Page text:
More informationProblem Set. Problem Set #2. Math 5322, Fall December 3, 2001 ANSWERS
Problem Set Problem Set #2 Math 5322, Fall 2001 December 3, 2001 ANSWERS i Problem 1. [Problem 18, page 32] Let A P(X) be an algebra, A σ the collection of countable unions of sets in A, and A σδ the collection
More information5 =5. Since 5 > 0 Since 4 7 < 0 Since 0 0
a p p e n d i x e ABSOLUTE VALUE ABSOLUTE VALUE E.1 definition. The absolute value or magnitude of a real number a is denoted by a and is defined by { a if a 0 a = a if a
More informationMath 4310 Handout  Quotient Vector Spaces
Math 4310 Handout  Quotient Vector Spaces Dan Collins The textbook defines a subspace of a vector space in Chapter 4, but it avoids ever discussing the notion of a quotient space. This is understandable
More informationUndergraduate Notes in Mathematics. Arkansas Tech University Department of Mathematics
Undergraduate Notes in Mathematics Arkansas Tech University Department of Mathematics An Introductory Single Variable Real Analysis: A Learning Approach through Problem Solving Marcel B. Finan c All Rights
More informationRoots of Polynomials
Roots of Polynomials (Com S 477/577 Notes) YanBin Jia Sep 24, 2015 A direct corollary of the fundamental theorem of algebra is that p(x) can be factorized over the complex domain into a product a n (x
More informationTwo Fundamental Theorems about the Definite Integral
Two Fundamental Theorems about the Definite Integral These lecture notes develop the theorem Stewart calls The Fundamental Theorem of Calculus in section 5.3. The approach I use is slightly different than
More information1 Lecture: Integration of rational functions by decomposition
Lecture: Integration of rational functions by decomposition into partial fractions Recognize and integrate basic rational functions, except when the denominator is a power of an irreducible quadratic.
More informationCONTINUED FRACTIONS AND PELL S EQUATION. Contents 1. Continued Fractions 1 2. Solution to Pell s Equation 9 References 12
CONTINUED FRACTIONS AND PELL S EQUATION SEUNG HYUN YANG Abstract. In this REU paper, I will use some important characteristics of continued fractions to give the complete set of solutions to Pell s equation.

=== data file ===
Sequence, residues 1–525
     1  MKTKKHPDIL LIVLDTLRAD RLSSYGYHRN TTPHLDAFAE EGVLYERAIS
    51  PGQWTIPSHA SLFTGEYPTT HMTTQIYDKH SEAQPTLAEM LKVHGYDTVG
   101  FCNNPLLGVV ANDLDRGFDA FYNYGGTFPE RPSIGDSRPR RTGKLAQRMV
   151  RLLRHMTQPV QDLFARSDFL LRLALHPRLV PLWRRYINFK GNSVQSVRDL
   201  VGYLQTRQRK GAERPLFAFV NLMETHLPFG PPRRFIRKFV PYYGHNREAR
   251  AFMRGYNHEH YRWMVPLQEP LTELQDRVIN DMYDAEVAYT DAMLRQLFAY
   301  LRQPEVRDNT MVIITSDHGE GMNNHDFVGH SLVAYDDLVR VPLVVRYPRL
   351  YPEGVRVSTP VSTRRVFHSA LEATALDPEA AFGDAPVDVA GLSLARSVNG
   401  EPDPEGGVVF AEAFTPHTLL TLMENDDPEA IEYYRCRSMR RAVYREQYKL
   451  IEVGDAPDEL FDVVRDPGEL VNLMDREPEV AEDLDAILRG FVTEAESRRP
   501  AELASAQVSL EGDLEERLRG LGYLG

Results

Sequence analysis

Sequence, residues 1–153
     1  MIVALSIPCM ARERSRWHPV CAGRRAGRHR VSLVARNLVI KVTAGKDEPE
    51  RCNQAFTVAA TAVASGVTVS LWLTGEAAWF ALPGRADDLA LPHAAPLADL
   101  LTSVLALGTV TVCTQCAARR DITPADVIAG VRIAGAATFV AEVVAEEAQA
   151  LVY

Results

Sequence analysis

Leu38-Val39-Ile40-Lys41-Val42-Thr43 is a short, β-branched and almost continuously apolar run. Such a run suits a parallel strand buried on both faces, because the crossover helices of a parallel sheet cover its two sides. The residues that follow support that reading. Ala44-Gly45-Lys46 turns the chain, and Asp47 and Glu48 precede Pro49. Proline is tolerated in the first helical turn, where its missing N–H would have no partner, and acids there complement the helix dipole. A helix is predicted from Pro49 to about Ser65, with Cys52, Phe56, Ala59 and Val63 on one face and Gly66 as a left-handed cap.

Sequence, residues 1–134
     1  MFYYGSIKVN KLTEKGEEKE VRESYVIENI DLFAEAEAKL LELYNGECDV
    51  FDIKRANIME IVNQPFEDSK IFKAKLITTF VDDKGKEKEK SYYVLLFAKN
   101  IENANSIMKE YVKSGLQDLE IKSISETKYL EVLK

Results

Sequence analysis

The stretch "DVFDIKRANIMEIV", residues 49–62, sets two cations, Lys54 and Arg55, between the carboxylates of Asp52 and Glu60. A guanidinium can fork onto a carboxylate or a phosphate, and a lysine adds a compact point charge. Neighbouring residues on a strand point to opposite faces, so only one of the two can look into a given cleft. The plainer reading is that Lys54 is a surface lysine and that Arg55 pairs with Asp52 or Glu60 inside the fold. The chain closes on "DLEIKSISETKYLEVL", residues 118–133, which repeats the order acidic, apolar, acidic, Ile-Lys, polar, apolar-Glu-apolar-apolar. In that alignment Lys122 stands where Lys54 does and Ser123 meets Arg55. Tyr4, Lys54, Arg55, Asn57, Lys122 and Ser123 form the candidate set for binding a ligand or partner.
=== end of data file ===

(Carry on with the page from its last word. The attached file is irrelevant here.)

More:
More information36 CHAPTER 1. LIMITS AND CONTINUITY. Figure 1.17: At which points is f not continuous?
36 CHAPTER 1. LIMITS AND CONTINUITY 1.3 Continuity Before Calculus became clearly de ned, continuity meant that one could draw the graph of a function without having to lift the pen and pencil. While this
More informationIntermediate Value Theorem, Rolle s Theorem and Mean Value Theorem
Intermediate Value Theorem, Rolle s Theorem and Mean Value Theorem February 21, 214 In many problems, you are asked to show that something exists, but are not required to give a specific example or formula
More informationFACTORING POLYNOMIALS IN THE RING OF FORMAL POWER SERIES OVER Z
FACTORING POLYNOMIALS IN THE RING OF FORMAL POWER SERIES OVER Z DANIEL BIRMAJER, JUAN B GIL, AND MICHAEL WEINER Abstract We consider polynomials with integer coefficients and discuss their factorization
More information15. Symmetric polynomials
15. Symmetric polynomials 15.1 The theorem 15.2 First examples 15.3 A variant: discriminants 1. The theorem Let S n be the group of permutations of {1,, n}, also called the symmetric group on n things.
More informationa 1 x + a 0 =0. (3) ax 2 + bx + c =0. (4)
ROOTS OF POLYNOMIAL EQUATIONS In this unit we discuss polynomial equations. A polynomial in x of degree n, where n 0 is an integer, is an expression of the form P n (x) =a n x n + a n 1 x n 1 + + a 1 x
More informationx a x 2 (1 + x 2 ) n.
Limits and continuity Suppose that we have a function f : R R. Let a R. We say that f(x) tends to the limit l as x tends to a; lim f(x) = l ; x a if, given any real number ɛ > 0, there exists a real number
More informationProofs are short works of prose and need to be written in complete sentences, with mathematical symbols used where appropriate.
Advice for homework: Proofs are short works of prose and need to be written in complete sentences, with mathematical symbols used where appropriate. Even if a problem is a simple exercise that doesn t
More informationInfinite Algebra 1 supports the teaching of the Common Core State Standards listed below.
Infinite Algebra 1 Kuta Software LLC Common Core Alignment Software version 2.05 Last revised July 2015 Infinite Algebra 1 supports the teaching of the Common Core State Standards listed below. High School
More informationMath Review. for the Quantitative Reasoning Measure of the GRE revised General Test
Math Review for the Quantitative Reasoning Measure of the GRE revised General Test www.ets.org Overview This Math Review will familiarize you with the mathematical skills and concepts that are important
More informationAn Insight into Division Algorithm, Remainder and Factor Theorem
An Insight into Division Algorithm, Remainder and Factor Theorem Division Algorithm Recall division of a positive integer by another positive integer For eample, 78 7, we get and remainder We confine the
More informationChapter 7. Induction and Recursion. Part 1. Mathematical Induction
Chapter 7. Induction and Recursion Part 1. Mathematical Induction The principle of mathematical induction is this: to establish an infinite sequence of propositions P 1, P 2, P 3,..., P n,... (or, simply